The phonon dispersion relation gives all possible phonon modes within the Brillouin zone (zone within the primitive cell in reciprocal space), and the phonon density of states Dp (the number density of possible phonon modes). The phonon group velocity up,g is the slope of the dispersion curve, p/dκp. Since phonon is a boson particle, its occupancy follows the Bose-Einstein distribution {fpo = [exp(ħωp/kBT)-1]-1, kB: Boltzmann constant}. Using the phonon density of states and this occupancy distribution, the phonon energy is Ep(T) = Dp(ωp)fp(ωp,T)ħωpp, and the phonon density is np(T) = Dp(ωp)fp(ωp,T)p. Phonon heat capacity cv,p (in solid cv,p = cp,p, cv,p : constant-volume heat capacity, cp,p: constant-pressure heat capacity) is the temperature derivatives of phonon energy for the Debye model (linear dispersion model), is[19]

${\displaystyle \qquad \qquad c_{v,p}={\frac {dE_{p}}{dT}}|_{v}={\frac {9k_{\mathrm {B} }}{m}}({\frac {T}{T_{D}}})^{3}n\int _{0}^{T_{D}/T}{\frac {x^{4}e^{x}}{(e^{x}-1)^{2}}}dx\qquad (x={\frac {\hbar \omega }{k_{\mathrm {B} }T}}),}$

where TD is the Debye temperature, m is atomic mass, and n is the atomic number density (number density of phonon modes for the crystal 3n). This gives the Debye T3 law at low temperature and Dulong-Petit law at high temperatures.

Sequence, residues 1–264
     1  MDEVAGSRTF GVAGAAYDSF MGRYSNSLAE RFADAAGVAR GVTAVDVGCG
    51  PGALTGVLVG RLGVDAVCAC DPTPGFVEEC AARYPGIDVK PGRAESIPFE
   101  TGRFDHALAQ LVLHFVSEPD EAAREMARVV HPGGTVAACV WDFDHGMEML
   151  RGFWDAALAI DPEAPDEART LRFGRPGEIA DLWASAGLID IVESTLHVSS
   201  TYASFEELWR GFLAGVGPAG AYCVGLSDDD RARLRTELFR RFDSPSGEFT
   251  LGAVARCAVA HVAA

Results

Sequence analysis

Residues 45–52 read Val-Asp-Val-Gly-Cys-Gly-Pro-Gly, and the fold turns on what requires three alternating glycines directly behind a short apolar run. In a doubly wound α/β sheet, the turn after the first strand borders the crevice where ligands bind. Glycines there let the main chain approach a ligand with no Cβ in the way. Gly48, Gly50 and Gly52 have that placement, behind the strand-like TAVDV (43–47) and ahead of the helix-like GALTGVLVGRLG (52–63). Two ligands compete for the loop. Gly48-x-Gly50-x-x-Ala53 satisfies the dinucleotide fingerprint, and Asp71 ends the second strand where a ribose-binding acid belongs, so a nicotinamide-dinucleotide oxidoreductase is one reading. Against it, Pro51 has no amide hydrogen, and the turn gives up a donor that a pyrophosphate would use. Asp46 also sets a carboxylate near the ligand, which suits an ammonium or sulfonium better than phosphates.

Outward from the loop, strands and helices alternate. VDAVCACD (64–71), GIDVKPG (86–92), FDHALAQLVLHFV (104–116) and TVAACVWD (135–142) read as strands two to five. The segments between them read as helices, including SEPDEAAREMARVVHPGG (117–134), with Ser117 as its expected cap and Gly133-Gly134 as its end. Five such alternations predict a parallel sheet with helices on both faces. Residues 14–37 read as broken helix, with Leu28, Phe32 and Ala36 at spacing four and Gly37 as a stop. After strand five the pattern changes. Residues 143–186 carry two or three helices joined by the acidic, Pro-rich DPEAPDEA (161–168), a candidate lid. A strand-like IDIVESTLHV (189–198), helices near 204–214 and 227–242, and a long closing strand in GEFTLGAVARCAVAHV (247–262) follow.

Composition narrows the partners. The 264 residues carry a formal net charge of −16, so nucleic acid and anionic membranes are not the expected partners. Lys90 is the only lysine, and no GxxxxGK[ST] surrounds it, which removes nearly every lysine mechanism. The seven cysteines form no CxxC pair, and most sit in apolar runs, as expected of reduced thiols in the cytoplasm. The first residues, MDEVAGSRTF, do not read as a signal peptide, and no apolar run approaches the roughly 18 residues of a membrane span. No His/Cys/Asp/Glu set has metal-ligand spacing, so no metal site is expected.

From the kinetic theory of gases,[20] thermal conductivity of principal carrier i (p, e, f and ph) is

${\displaystyle \qquad \qquad k_{i}={\frac {1}{3}}n_{i}c_{v,i}u_{i}\lambda _{i},}$

where ni is the carrier density and the heat capacity is per carrier, ui is the carrier speed and λi is the mean free path (distance traveled by carrier before an scattering event). Thus, the larger the carrier density, heat capacity and speed, and the less significant the scattering, the higher is the conductivity. For phonon λp represents the interaction (scattering) kinetics of phonons and is related to the scattering relaxation time τp or rate (= 1/τp) through λp= upτp. Phonons interact with other phonons, and with electrons, boundaries, impurities, etc., and λp combines these interaction mechanisms through the Matthiessen rule. At low temperatures, scattering by boundaries is dominant and with increase in temperature the interaction rate with impurities, electron and other phonons become important, and finally the phonon-phonon scattering dominants for T > 0.2TD. The interaction rates are reviewed in[21] and includes quantum perturbation theory and MD.